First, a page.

Learn more about Baroque Music with notes by Henry Kirby
THE BAROQUE PERIOD
The Baroque era connected the late Renaissance with the Classical period of music, roughly spanning a century and one-half between 1600 to 1750. The old French word baroque, the Portuguese baroco and the Italian barocco originally described an irregularly shaped pearl. Baroque music became characterized by defined forms, chromaticism and elaborate ornamentation. The Baroque age saw not only the flourishing of new musical forms but the brilliant astronomical discoveries of Galileo, the physics of Newton and the philosophical expositions of Descartes, Spinoza and Locke – and the birth of the scientific method itself that underpins the development of the science and technology of modern Western societies. Baroque musical language is the earliest musical language we generally recognize as familiar today. Baroque musicians customarily worked under the patronage of the church, the state or the aristocracy. Lavish musical and theatrical spectacles were staged to delight the courts of royalty. The music was performed in the palaces of princes of the church, and in addition to a welter of these new secular compositions, there was also a flowering of sacred works written to compliment liturgical ceremonies in the cathedrals of Catholic Europe, America, and the Lutheran churches of the Germanic states. The rising class of prosperous financial and commercial professionals created and supported musical events that took place in their own handsomely constructed and appointed homes; the perfect setting for the flourishing chamber music genre. Despite the rigors of travel, compared to modern times, Baroque musicians were a peripatetic bunch. The musicians relied on the system of post coaches to travel around Europe without the formality of passports or the fear of terrorism. Thus the musicians travelled freely, crisscrossing state boundaries to meet and play with fellow musicians. It was also in this manner that copies of their compositions were widely distributed; resulting in a melding of the prevalent geographic styles, such as those of Italy, France and Germany.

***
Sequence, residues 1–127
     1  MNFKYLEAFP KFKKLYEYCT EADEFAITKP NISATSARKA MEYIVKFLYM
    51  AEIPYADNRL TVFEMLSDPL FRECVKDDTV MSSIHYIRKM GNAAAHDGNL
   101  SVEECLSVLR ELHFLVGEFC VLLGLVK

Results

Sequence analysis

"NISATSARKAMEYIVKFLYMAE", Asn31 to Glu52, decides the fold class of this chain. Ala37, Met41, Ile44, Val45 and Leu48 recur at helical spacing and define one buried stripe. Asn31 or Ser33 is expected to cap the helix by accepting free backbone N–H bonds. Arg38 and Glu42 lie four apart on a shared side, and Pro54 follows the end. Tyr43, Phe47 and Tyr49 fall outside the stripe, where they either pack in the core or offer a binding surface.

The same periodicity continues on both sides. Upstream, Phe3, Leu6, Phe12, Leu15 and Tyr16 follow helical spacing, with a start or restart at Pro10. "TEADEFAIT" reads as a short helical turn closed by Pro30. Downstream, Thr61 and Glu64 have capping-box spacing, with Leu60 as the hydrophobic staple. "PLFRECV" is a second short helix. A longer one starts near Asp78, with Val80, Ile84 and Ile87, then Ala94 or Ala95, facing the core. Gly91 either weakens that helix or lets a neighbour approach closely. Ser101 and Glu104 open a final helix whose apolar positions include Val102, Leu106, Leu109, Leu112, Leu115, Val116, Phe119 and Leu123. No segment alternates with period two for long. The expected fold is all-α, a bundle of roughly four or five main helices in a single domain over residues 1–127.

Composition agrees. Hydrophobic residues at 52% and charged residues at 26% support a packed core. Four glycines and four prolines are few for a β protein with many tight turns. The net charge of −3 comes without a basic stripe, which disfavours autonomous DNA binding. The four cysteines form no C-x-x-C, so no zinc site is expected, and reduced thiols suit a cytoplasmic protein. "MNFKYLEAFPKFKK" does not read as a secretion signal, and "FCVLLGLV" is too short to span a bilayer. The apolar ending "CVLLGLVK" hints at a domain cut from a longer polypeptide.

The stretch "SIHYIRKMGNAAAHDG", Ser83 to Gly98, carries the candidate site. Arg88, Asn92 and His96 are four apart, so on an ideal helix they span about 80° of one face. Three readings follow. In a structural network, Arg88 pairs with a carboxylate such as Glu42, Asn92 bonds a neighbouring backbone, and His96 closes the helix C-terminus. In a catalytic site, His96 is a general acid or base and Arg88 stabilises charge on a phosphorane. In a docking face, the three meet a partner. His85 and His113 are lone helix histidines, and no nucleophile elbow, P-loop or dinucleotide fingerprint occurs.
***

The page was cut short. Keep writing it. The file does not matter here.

MUSIC AND MUSICAL INSTRUMENTS OF THE HIGH BAROQUE: 1650-1750
OF LUTES AND LYRES, VIOLS AND VIOLINS, VIOLA DA GAMBAS AND VIOLONCELLOS
From Arabia to Spain to Italy and Beyond
The century spanning the years 1650-1750 was the age of the high Baroque in music. Following this period, a battle took place between instruments little used and largely abandoned today – the Viola da Gamba family, in their treble, tenor, and bass guises, and plucked string instruments – and the instruments that have become the mainstays of modern classical ensembles – the violin, violonchelo, and forte piano in a style first championed largely by Italian artists and composers.